Entries Tagged as 'Government'

I’m mad as hell…

and not going to take it any longer is the phrase we’ve heard from the silver screen when it comes to the breakdown of our political system.

One thing to keep in mind is that the people you elect (or maybe I should say the people who find their way to “public” office — since recent history tells us they might not always be elected) don’t know what’s on your mind unless you tell them.

Sure they look at polls and surveys and listen to the media — but pollsters, surveyors, and the media have their own agenda — and are often funded by big business to make sure their interests are put in the spotlight (favorably).

The best way to let your elected officials know your feelings are to contact them.

When you do contact them; make sure you’ve written a clear and concise message.  Keep it simple — you don’t need to include any extraneous details or information that reasonable people would be aware of.  Tell them who you are if you’re someone who’s “professional” view on the topic would give it additional credibility.  Make sure any specific details (including enough to identify the legislation or initiative) is included; again if you have information that may not be available provide the facts.  Close your message with the specific action(s) you’d like to see taken.  If you want a response, include your contact information so that they can reply to you.

Contacting the Congress of the United States is fairly easy

Your Senator may be contacted written correspondence at

The Honorable <Full Name>
<Room #> <Building Name> Senate Office Building
United States Senate
Washington, DC 20510

If you don’t know your Senator’s name or location information or you’d prefer to try and contact them electronically, you can visit

http://senate.gov/

Your Representative may be contacted written correspondence at

The Honorable <Full Name>
<Room #> <Building Name> House Office Building
United States House of Representatives
Washington, DC 20515

If you don’t know your Representative’s name or location information or you’d prefer to try and contact them electronically, you can visit

http://house.gov/

Your President may be contacted at

http://whitehouse.gov/

NOTE:  President Obama seems to encourage electronic contact over written letters , but if you must (though they request you email address, even if you send a letter)

President Barrack Obama
The White House
1600 Pennsylvania Avenue NW
Washington, DC 20500

I’ll close by saying you should avoid vulgarity, profanity and threats (which might get you a visit from the Secret Service, or a “vacation” at “Club Fed”)… it’s fine to underscore your frustration or anger, but do it in a calm, reasonable way and treat the individual with respect (even if you don’t feel their actions have earned your respect).

If you need more help, you can locate examples of letters about issues on the Internet, and simply use one of those as the basis for your contact.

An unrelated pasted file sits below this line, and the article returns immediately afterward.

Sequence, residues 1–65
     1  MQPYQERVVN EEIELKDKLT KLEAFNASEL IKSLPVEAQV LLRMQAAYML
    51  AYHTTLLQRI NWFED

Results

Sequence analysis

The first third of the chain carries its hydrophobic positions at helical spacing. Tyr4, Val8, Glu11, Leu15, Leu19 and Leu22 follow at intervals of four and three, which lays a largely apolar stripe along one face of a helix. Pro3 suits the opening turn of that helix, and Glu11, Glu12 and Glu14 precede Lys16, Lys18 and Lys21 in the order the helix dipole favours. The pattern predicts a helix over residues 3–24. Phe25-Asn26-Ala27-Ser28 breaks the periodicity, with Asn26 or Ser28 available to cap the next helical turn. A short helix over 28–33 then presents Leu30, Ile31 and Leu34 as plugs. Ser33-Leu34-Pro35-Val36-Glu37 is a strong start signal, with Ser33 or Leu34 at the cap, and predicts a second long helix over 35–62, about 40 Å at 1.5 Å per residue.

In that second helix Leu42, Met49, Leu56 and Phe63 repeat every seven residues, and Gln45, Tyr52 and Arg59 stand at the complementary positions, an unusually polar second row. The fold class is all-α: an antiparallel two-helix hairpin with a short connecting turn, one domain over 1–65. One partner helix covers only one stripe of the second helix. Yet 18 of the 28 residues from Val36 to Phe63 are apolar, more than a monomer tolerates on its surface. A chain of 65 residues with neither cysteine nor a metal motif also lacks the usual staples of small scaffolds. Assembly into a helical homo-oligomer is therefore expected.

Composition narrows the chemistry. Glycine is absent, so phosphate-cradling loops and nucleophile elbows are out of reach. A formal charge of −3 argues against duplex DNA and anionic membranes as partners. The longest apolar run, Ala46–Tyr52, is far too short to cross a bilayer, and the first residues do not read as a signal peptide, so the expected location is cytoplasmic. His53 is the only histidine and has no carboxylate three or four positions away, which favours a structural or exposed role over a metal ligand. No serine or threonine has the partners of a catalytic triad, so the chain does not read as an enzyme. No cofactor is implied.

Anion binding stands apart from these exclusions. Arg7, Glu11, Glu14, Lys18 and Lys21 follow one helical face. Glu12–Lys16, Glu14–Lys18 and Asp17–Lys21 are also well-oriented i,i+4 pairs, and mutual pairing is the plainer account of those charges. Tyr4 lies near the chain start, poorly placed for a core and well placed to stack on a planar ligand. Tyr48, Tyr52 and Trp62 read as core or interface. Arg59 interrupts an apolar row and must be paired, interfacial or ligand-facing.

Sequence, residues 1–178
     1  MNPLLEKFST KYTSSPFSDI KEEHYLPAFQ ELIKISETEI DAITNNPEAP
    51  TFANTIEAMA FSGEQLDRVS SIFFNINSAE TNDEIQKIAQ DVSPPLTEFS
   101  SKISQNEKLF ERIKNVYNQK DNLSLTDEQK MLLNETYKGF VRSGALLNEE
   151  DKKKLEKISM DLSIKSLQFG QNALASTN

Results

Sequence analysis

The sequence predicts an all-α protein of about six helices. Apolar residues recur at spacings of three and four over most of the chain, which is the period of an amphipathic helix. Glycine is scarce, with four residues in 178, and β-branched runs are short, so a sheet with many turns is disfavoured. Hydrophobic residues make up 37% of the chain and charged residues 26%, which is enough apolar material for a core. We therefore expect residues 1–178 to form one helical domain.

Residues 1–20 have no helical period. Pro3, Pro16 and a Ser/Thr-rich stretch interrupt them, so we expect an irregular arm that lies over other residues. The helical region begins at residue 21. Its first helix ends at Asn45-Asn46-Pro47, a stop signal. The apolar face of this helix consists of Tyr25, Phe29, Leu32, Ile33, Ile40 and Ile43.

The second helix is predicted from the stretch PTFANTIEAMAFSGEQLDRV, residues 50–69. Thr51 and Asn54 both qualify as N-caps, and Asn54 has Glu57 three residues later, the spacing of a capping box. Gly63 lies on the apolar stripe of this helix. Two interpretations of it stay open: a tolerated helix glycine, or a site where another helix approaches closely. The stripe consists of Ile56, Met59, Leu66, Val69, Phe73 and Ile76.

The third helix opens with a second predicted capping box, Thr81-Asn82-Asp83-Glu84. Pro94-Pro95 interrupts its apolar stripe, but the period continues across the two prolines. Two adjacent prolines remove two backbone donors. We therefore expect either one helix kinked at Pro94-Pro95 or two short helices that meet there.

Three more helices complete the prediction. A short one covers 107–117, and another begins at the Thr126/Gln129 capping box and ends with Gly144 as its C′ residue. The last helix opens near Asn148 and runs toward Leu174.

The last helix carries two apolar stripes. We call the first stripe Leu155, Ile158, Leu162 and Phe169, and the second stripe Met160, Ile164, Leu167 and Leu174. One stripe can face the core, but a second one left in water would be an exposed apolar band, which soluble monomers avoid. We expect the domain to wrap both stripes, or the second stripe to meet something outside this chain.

Originally posted 2010-07-24 02:00:00.

50 Years of US Peace Corp

Today marks the fiftieth anniversary of John F Kennedy’s founding of the US Peace Corps (1-March-1961)… originally just a pilot program, but approved and funded by congress now as an American fixture.

The Peace Corps traces its roots and mission to 1960, when then Senator John F. Kennedy challenged students at the University of Michigan to serve their country in the cause of peace by living and working in developing countries. From that inspiration grew an agency of the federal government devoted to world peace and friendship.

Since that time, 200,000+ Peace Corps Volunteers have served in 139 host countries to work on issues ranging from AIDS education to information technology and environmental preservation.

Today’s Peace Corps is more vital than ever, working in emerging and essential areas such as information technology and business development, and contributing to the President’s Emergency Plan for AIDS Relief. Peace Corps Volunteers continue to help countless individuals who want to build a better life for themselves, their children, and their communities.

President John F. Kennedy established the Peace Corps to promote world peace and friendship.

The Peace Corps’ mission has three simple goals:

  1. Helping the people of interested countries in meeting their need for trained men and women.
  2. Helping promote a better understanding of Americans on the part of the peoples served.
  3. Helping promote a better understanding of other peoples on the part of Americans.

http://www.peacecorps.gov/

Originally posted 2011-03-01 02:00:46.

Trust In Government Hits Near-Historic Low

A Pew Poll released yesterday shows “Americans’ trust in government and its institutions has plummeted to a near-historic low…”

Americans’ trust in government and its institutions has plummeted to a near-historic low, according to a sobering new survey by the Pew Research Center.

Only 22 percent of Americans surveyed by Pew say they can trust government in Washington “almost always or most of the time” — among the lowest measures in the half-century since pollsters have been asking the question.

And an increasing number — almost 1 of every 3 people — say they believe government is a major threat to their personal freedoms and want federal power reined in.

You can read the complete article on NPR.

Originally posted 2010-04-19 02:00:57.

Secrecy…

In this day and age it’s amazing the the US Government seems to resemble Nazis, Facists, and Communists more than a government that was born from a dream of equality.

Perhaps a great man said it much better than I could ever hope to…

A nation that is afraid to let its people judge the truth and falsehood in an open market is a nation that is afraid of its people.

· John F. Kennedy

Originally posted 2014-06-17 23:21:22.